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Development of a measurement tool to assess sustainability in the built environment curriculum using psychological constructs

Kokkarinen, N I A (2012) Development of a measurement tool to assess sustainability in the built environment curriculum using psychological constructs. Doctoral thesis, Liverpool John Moores University.

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Abstract

The concept of sustainable construction is increasingly being recognised, not only as a way to reduce the environmental impact of construction, but as a valuable business strategy. Stakeholders such as companies, professional bodies, government and the education sector all have the ability to have an influence on sustainability as it is being incorporated into agendas by the government and firms. Educational institutions can take it one step further by preparing future construction professionals to enter into a changing-and hopefully sustainable industry. This research focuses on the impact that education can have on this preparation with the use of psychological constructs. This thesis contributes to original knowledge by outlining the development of a measurement tool designed specifically to tap into sustainable construction attitudes. This tool was also used to assess the level of sustainability within built environment curriculum. The research was conducted in four phases, with phase four making the contribution to knowledge. All phases were carried out using a sequential mixed methodology where quantitative data was collected in phases one and two and qualitative interviews were carried out in phase three. In phase four, quantitative data was collected before and after the intervention and subsequently analysed. This was followed by qualitative data in the form of reflective student essays. A phenomenographic approach was used to analyse qualitative data, which investigates the different ways individuals can experience or understand something. The conclusions drawn from phase four were that the quantitative results indicated that student attitudes did not improve positively after the project. However, phenomenography revealed that all students experienced increased knowledge and attitudes did indeed change. With relation to psychological constructs, it was determined that the personality traits 'conscientiousness' and 'agreeableness' were associated with sustainabilitv the most. Emotional intelligence was found to be most significant with social issues of sustain ability followed by environmental issues which lends support to the view that emotional intelligence can extend from caring about others to caring for the environment.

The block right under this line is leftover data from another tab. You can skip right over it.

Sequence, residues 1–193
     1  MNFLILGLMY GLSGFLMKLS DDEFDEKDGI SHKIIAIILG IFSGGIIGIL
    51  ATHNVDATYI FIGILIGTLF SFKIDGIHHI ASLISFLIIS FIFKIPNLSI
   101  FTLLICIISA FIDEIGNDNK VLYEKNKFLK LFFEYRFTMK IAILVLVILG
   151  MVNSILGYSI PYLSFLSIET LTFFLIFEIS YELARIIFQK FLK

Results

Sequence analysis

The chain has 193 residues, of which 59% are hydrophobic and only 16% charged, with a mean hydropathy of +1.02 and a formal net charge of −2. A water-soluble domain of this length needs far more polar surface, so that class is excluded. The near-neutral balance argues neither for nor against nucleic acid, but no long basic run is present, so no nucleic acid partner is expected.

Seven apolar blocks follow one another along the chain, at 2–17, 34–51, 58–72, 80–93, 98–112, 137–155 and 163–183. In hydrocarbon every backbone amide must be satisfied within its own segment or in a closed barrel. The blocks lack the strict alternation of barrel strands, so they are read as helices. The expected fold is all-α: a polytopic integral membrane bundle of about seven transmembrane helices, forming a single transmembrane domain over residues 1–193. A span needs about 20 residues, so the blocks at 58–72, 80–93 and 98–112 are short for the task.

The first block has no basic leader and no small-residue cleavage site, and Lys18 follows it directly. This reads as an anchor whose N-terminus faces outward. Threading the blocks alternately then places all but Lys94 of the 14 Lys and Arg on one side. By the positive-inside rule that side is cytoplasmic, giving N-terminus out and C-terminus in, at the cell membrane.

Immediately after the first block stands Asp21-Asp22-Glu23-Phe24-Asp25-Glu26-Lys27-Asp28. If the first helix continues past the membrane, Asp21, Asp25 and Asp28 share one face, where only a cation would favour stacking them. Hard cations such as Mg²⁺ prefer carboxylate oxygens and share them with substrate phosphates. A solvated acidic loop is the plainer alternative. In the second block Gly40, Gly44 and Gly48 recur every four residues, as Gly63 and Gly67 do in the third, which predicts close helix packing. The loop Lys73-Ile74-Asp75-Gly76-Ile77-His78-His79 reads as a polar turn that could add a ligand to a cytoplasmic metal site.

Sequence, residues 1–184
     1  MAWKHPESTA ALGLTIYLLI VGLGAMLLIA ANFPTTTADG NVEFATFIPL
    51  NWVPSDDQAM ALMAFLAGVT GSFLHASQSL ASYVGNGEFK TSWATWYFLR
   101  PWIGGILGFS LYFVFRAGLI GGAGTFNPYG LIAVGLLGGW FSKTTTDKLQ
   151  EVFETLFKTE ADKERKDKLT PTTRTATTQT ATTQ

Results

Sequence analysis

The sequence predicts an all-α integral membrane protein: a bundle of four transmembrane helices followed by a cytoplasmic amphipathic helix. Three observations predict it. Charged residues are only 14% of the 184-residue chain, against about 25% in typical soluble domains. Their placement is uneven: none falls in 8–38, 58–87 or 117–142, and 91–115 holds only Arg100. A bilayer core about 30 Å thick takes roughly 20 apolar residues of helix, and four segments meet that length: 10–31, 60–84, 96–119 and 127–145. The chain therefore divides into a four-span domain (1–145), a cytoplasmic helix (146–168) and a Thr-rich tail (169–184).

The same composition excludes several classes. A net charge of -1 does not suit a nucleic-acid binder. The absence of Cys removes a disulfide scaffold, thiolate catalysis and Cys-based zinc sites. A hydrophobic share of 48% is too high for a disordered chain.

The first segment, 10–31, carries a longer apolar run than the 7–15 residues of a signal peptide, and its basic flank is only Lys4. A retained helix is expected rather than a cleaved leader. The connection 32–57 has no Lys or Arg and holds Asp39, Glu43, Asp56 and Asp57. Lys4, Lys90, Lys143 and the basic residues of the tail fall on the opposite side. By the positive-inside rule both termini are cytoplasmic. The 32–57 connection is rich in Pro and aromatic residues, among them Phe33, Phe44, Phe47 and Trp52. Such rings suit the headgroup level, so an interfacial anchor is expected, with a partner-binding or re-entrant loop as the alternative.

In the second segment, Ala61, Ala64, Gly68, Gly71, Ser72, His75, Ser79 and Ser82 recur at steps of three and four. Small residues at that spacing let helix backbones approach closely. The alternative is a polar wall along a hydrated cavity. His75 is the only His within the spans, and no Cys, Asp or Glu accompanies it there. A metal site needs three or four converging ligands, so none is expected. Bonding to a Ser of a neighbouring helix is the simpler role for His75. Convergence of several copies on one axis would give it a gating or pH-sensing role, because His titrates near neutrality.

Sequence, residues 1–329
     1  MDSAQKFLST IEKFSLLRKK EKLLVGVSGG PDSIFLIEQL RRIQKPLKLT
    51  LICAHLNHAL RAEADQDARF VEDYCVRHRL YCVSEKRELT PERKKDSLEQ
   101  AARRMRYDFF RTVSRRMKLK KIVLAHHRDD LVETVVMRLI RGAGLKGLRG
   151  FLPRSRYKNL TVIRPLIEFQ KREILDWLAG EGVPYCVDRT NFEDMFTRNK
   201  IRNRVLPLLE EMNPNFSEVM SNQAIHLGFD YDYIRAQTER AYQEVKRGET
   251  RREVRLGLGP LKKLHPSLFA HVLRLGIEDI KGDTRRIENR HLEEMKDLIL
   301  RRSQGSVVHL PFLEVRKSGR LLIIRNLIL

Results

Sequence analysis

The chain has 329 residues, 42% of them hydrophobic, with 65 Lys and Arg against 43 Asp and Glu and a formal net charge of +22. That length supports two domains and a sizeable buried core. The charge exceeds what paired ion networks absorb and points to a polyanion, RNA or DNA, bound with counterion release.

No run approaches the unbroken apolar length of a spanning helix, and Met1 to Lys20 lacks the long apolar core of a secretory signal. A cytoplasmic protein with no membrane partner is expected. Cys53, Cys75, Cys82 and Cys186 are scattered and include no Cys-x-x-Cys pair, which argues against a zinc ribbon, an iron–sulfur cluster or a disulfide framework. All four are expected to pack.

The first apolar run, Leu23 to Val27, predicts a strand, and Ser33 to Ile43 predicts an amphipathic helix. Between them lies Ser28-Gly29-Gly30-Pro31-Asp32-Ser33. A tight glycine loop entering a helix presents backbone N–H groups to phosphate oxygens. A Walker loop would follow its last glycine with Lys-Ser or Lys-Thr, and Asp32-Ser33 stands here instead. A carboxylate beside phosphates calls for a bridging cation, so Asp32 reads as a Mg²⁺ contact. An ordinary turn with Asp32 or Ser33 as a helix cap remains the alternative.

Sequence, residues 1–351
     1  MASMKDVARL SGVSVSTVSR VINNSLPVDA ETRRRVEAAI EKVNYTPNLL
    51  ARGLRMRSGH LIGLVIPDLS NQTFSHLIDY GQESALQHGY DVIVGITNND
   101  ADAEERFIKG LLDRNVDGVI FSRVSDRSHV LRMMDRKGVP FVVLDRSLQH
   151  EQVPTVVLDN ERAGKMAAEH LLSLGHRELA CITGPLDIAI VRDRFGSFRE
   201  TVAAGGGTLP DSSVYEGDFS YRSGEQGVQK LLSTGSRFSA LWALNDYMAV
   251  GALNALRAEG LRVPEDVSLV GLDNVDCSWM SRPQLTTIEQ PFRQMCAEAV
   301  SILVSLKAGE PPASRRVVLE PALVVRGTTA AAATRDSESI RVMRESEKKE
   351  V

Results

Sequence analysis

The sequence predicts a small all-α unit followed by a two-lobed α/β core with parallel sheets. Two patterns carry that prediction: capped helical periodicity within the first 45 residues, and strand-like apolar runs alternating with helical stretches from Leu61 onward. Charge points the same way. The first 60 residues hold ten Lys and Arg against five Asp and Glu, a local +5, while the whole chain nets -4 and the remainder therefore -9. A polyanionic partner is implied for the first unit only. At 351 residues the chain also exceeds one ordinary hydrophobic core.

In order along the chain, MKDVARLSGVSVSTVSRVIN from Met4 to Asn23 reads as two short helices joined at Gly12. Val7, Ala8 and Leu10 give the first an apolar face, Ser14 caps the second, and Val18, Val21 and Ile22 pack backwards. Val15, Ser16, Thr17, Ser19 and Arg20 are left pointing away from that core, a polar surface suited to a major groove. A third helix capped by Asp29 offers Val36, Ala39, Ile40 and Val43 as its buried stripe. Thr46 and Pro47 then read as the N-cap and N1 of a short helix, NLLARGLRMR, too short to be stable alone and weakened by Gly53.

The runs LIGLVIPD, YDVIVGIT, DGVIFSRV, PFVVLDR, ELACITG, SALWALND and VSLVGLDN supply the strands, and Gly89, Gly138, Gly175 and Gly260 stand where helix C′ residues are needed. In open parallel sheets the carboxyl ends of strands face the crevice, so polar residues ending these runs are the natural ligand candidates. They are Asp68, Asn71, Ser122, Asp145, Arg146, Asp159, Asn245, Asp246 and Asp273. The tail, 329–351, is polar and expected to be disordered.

Item Type: Thesis (Doctoral)
Subjects: B Philosophy. Psychology. Religion > BF Psychology
T Technology > TA Engineering (General). Civil engineering (General)
T Technology > TH Building construction
Divisions: Built Environment
Date Deposited: 03 Apr 2017 11:12
Last Modified: 03 Apr 2017 11:12
URI: http://researchonline.ljmu.ac.uk/id/eprint/6175

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